Sunday, April 29, 2007

Tender Feet; Bright Moon

Isn't it lame that I limp and pick my steps gingerly as I take a few bottles out to the recycle bin by the curb, so tender are my feet.

But how cool is it that I can take the laundry off the line in a hidden corner of the yard in the dead of night, so bright is the almost-full moon.

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 Sunday, April 22, 2007

Only Sometimes Looking Back

I walked to the patio door and looked out on the green yard, the growing grass, the grey sky and the gentle drizzle coming down.

A Wren hopped onto the patio table and looked back at me. He bounced from one side to the other, periodically turning his back to me, only sometimes looking back at me.

I stood there still so that I might not scare him away. I stood there and watched, and he sat there with his back mostly turned to me but sometimes looking back at this man standing at the glass.

I stood still, and he didn't fly off. But then I moved and he didn't fly off. I rocked back and forth and he didn't fly off. He continued looking away, only sometimes looking back.

Then a second Wren darted out from under a low table in the corner of the patio. She flew over to the other side and hopped under the grill where I couldn't see her anymore. He, on the other hand kept up his evident indifference to my presence, his back carelessly turned to me almost inviting me to come out. And then he flew to the ground, his back still to me, picking at leaves, making like he didn't know I was there, only sometimes looking back.

Meanwhile, she flew out from under the grill and up onto a branch of an Althea while he in his nonchalance threw old fallen leaves over his shoulder in my general direction.

Then she flew off. And just then so did he.

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The Backyard Fence

We were talking about the fence in the backyard. It won't be long before it begins to fall down -- indeed in places the pickets are holding on by a thread. Something has to be done.

I like more open yards, he said. Chain link yards. (Anything you can see thru qualifies as open by our standards here.)

Then he was silent for a moment.

But then I wouldn't be able to chase Guinness[*].

He paused for a moment.

...in my underwear.

[*] our dog

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 Friday, April 20, 2007

That Old Time Magic

He's on the hot seat before a hostile committee, being grilled by a Senator who in better times would have rallied to his cause. He doesn't seem to realize how far the tides have turned.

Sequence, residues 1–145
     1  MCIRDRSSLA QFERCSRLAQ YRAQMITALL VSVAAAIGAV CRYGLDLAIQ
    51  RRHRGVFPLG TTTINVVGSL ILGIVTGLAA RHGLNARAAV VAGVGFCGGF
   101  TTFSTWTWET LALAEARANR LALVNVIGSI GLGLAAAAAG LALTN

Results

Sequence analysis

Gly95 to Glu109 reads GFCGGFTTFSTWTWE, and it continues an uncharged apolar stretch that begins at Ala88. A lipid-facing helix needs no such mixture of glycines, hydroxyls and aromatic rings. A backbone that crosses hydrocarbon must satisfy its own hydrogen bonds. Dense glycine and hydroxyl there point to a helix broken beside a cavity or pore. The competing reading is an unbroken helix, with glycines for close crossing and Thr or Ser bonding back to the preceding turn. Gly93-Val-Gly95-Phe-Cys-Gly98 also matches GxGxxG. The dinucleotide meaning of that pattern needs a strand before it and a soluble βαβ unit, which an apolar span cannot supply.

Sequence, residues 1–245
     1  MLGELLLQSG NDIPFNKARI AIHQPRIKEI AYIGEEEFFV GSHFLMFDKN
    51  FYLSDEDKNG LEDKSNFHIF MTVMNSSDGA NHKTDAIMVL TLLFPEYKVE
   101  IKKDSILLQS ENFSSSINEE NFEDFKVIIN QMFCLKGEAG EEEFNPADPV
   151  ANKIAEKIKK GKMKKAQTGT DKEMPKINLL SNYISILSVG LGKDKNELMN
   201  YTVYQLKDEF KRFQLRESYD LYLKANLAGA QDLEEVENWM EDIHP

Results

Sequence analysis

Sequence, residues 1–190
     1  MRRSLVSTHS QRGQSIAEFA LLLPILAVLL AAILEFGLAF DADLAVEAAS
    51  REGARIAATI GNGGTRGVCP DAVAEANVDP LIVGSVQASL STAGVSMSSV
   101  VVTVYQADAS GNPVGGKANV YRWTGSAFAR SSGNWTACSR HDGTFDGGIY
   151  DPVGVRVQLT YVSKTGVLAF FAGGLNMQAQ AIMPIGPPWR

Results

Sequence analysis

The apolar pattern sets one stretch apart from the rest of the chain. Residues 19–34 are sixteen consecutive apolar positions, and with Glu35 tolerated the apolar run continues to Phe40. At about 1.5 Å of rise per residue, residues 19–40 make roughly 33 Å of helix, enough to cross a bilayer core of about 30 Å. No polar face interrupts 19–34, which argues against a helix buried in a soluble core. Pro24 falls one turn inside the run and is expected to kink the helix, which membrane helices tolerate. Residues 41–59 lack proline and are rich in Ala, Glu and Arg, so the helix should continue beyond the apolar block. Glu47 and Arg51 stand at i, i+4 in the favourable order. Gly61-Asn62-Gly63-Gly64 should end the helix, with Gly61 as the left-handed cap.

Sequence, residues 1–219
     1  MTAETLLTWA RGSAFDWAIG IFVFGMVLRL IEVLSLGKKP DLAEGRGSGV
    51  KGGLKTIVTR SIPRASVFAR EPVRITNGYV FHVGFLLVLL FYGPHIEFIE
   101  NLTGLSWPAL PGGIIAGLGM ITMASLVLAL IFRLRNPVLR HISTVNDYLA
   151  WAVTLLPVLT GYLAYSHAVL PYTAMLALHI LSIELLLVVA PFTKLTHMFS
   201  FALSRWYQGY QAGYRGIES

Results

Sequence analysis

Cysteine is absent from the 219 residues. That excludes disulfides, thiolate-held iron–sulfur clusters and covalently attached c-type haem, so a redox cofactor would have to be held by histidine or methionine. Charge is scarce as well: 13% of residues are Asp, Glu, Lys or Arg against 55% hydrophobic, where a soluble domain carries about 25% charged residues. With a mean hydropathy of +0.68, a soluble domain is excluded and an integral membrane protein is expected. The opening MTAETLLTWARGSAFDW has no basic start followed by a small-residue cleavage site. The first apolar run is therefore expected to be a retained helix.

He thinks this is just like the heady days of years before. He thinks that amidst this grilling for potentially perjurious statements he might throw in a bit of good ol' boy humor. He thinks he'll get a laugh.

So in the midst of a catastrophically poor performance before the committee, after weeks of preparation to get his various stories straight, in reaction to the Senator's comment, I know you've been preparing for this hearing, with that trademark smirk on his face, he leans into the microphone shaking his head mockingly and quips, I prepare for every hearing, Senator.

He sits back and takes a drink of water. There is no laughter. The hearing room is absolutely silent. The Senator struggles to control his fury and then launches into the Attorney General who now finds himself in a game of his own making that he cannot win.

No, the time for smirks and jokes and professions of being out of the loop and attempts to wave the flag and change the subject has past.

The old magic doesn't work anymore. And the audience is not impressed.

Hat tip: Thinkprogress

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 Thursday, April 12, 2007

Ash and Oak

That Ash is about to go. A few more branches failed to leaf out this year, leaving the tree looking altogether very Dr. Seuss-ish. Yet what's left will throw down shade, allowing us to sit out front even in the afternoon of some of the hottest days to come. So even though its days are numbered and even though the drive-by tree guys make us offers on cutting it down, the Ash tree stays.

In the meantime, there's a hole in the canopy that the Ash tree's leaves used to fill. Look up, waaay up. There's a blue hole up there between the spring green of the trees.